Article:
A laissez-faire policy is a political and economic doctrine which holds that economies function efficiently when there is minimal government interference. This policy opposes the taxation and regulation of commerce and advocates for individualism, free trade and free competition.
The doctrine of laissez-faire is associated with the infamous economists known as Physiocrats. These economists flourished in France between 1750s and 1780s. This policy became popular in Britain under the influence of Adam Smith, a renowned philosopher and economist. However, it was not enthusiastically accepted in the United States.
The belief in this policy became very popular in the 19th century, with its proponents advocating unregulated individual activity. John Stuart Mill, a British economist, was responsible for popularizing this policy through his arguments in Principles of Political Economy in 1848. During this era, it was widely perceived that an individual allowed to pursue his own desires would achieve the best results for society. The key function of the state was to provide security and maintain order, but the state should avoid interfering with the initiatives of an individual pursuing his desired goals. However, laissez-faire advocates insisted that the government had a crucial role in enforcing contracts.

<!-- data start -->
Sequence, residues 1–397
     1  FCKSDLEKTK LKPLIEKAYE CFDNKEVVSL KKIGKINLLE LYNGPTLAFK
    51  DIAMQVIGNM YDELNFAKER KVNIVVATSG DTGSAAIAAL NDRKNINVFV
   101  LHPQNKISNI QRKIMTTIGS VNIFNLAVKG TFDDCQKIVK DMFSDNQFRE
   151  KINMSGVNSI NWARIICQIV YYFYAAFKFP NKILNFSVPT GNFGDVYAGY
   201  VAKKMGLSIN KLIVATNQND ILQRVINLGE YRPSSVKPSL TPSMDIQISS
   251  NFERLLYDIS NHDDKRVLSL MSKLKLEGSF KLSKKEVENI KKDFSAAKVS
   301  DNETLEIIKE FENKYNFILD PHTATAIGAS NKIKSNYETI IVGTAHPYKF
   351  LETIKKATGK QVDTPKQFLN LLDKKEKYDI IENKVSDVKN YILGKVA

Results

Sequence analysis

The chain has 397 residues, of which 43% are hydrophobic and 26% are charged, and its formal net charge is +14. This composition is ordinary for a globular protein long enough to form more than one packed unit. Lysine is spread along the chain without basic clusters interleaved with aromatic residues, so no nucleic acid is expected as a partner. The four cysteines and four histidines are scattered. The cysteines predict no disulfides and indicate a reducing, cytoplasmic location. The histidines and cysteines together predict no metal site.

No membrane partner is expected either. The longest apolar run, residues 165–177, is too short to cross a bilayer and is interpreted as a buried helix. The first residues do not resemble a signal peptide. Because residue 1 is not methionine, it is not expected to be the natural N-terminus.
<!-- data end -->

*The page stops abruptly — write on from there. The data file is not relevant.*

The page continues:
Towards the end of the 19th century, acute economic changes were experienced, and they proved that the laissez-faire doctrine was no longer effective. New theories and concepts were developed to deal with the new challenges. However, this policy still has its advocates.